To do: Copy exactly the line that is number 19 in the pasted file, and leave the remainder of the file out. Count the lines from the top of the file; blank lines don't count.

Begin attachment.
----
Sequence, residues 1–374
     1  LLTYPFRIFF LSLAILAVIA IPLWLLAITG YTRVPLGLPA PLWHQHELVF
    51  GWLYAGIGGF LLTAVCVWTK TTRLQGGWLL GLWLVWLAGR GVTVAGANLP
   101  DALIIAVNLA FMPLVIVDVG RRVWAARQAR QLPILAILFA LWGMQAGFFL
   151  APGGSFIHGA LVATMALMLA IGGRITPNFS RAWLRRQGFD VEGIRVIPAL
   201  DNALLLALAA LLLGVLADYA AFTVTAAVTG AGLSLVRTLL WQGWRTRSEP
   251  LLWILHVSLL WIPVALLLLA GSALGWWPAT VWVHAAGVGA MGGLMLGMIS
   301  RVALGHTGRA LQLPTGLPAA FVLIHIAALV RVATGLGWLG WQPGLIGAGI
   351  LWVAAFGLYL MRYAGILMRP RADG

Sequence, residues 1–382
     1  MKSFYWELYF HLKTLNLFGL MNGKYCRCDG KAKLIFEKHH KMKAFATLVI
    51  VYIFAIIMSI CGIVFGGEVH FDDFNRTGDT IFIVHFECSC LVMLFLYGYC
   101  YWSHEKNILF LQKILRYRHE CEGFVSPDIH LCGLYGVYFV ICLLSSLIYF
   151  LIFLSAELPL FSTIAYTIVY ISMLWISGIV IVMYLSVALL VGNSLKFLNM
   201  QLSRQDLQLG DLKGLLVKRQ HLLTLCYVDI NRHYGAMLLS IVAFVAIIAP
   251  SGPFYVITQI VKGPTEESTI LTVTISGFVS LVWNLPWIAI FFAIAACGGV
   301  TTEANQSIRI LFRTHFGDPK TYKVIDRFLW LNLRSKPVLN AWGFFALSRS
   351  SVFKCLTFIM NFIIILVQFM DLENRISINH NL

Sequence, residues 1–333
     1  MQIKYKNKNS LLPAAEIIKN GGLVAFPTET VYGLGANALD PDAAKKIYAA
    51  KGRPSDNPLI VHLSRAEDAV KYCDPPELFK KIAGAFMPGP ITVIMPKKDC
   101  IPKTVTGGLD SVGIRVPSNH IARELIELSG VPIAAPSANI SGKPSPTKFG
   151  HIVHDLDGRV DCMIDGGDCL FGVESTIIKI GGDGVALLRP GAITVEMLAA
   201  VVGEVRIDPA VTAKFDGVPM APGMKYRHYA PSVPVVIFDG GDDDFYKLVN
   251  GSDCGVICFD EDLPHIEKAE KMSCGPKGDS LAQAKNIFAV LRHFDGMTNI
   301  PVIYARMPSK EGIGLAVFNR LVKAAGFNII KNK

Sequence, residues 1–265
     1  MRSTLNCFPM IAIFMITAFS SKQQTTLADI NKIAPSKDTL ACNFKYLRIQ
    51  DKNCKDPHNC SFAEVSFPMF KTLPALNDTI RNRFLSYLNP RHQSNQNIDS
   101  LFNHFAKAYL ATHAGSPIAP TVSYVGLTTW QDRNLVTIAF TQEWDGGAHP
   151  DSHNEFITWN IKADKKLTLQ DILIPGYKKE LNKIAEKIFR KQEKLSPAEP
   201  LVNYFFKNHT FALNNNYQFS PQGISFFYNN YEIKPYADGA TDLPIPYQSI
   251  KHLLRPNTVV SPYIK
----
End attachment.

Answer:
Sequence, residues 1–333